Five Things to Learn While Flipping Burgers
By Mary Anne Hahn
September 05, 2008
Wouldn’t it be great to get a part-time job or paying internship that directly relates to what you want to do with your life? But what if you’re not sure what you want to do with your life yet? What if you have to “settle” for a job at your nearby fast-food joint, department store or supermarket? Then consider yourself lucky.
Jobs in the service industries can provide you with experiences and skills that you can use in any career you choose. What retail jobs have in common is that they involve customer service. And learning how to help customers—answering their questions, solving their problems or providing them with prompt and courteous service—means developing skills that can help you succeed in just about any career area, from law and medicine to computer programming and engineering.
Unless you plan to live and work in total isolation, success in any job you choose will depend on how well you learn to work and deal with people. So what can you learn from serving burgers, running a cash register or answering the office phone?
You learn how to treat people professionally. “Professionalism” isn’t something you get to practice in the classroom every day. But on the job, it’s required. When you work with customers either face-to-face or on the telephone, you gain experience in greeting and talking to people in a professional, courteous manner. You get to practice using phrases and a tone of voice that may not be necessary in your day-to-day life now, but will help you in your career later.
You learn how to handle “difficult” people. When dealing with customers in a store or restaurant, you’ll find that most people are friendly and pleasant. But some people just aren’t easy to please. They may come off as demanding, impatient, angry or even rude. What you learn in customer service jobs is that their emotions have nothing to do with you. Many times people are faced with stresses at home or at their own jobs that cause them to behave badly in public. Learning how to cope with these people in your part-time job without taking their behavior personally helps you to deal with difficult bosses, co-workers and customers.
You learn how to work as part of a team. Sure, you can learn this skill playing a team sport in school. The difference in working as part of a team on a job, however, is that you aren’t doing it to win anything—you do it simply because it’s expected of you. This means noticing and helping out a swamped or tired co-worker or coming into work early or staying a bit longer if your “team” needs you. Experience as a team player will get you noticed by many employers.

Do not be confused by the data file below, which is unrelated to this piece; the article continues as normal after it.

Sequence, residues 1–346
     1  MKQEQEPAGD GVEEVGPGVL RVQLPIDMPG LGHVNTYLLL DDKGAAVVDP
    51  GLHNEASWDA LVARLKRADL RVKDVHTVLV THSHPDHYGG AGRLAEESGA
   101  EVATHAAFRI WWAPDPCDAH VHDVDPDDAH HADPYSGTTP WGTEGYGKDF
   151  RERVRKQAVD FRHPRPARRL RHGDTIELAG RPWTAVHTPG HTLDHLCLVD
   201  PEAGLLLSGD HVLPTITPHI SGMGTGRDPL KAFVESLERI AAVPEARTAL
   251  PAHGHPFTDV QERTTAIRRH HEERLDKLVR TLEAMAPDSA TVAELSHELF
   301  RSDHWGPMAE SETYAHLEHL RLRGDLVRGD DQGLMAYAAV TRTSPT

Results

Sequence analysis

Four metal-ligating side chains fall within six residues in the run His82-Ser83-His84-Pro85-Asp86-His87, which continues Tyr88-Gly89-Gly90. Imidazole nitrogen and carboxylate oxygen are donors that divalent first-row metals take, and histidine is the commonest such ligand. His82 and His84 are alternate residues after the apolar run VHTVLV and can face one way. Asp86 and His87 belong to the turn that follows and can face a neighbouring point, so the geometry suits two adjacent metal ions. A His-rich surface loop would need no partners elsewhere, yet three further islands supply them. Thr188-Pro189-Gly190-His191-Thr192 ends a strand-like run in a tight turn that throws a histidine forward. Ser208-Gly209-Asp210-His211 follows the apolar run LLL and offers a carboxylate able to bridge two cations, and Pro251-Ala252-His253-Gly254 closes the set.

You learn how to step up during busy times. Imagine what it’s like working in a fast-food restaurant when a bus of hungry teenagers pulls up unannounced. Or cashiering in a supermarket the day before Thanksgiving. Or running a cash register or gift wrap counter in a popular department store during the holiday rush. At times like these, you need all of your energy to work faster and smarter while keeping your poise and professionalism.
If you can demonstrate through your part-time job experience how you’ve handled stressful job situations and busy, fast-paced periods, employers will admire (and hire) you. You get to meet a lot of interesting people. At school, you probably tend to hang with friends who have tastes and interests similar to yours. In customer service jobs, you meet or work with people of all ages, personalities and backgrounds. You can learn a lot from these people, whether it’s about careers and colleges you’ve never thought about, cool places to go when you’re not working or how others view the world or handle tough situations.
As you can see, landing a customer service job means so much more than earning a paycheck. You get to develop skills, gain work experience and meet all sorts of people to boot. Helping customers can help your future in ways you’ve never imagined.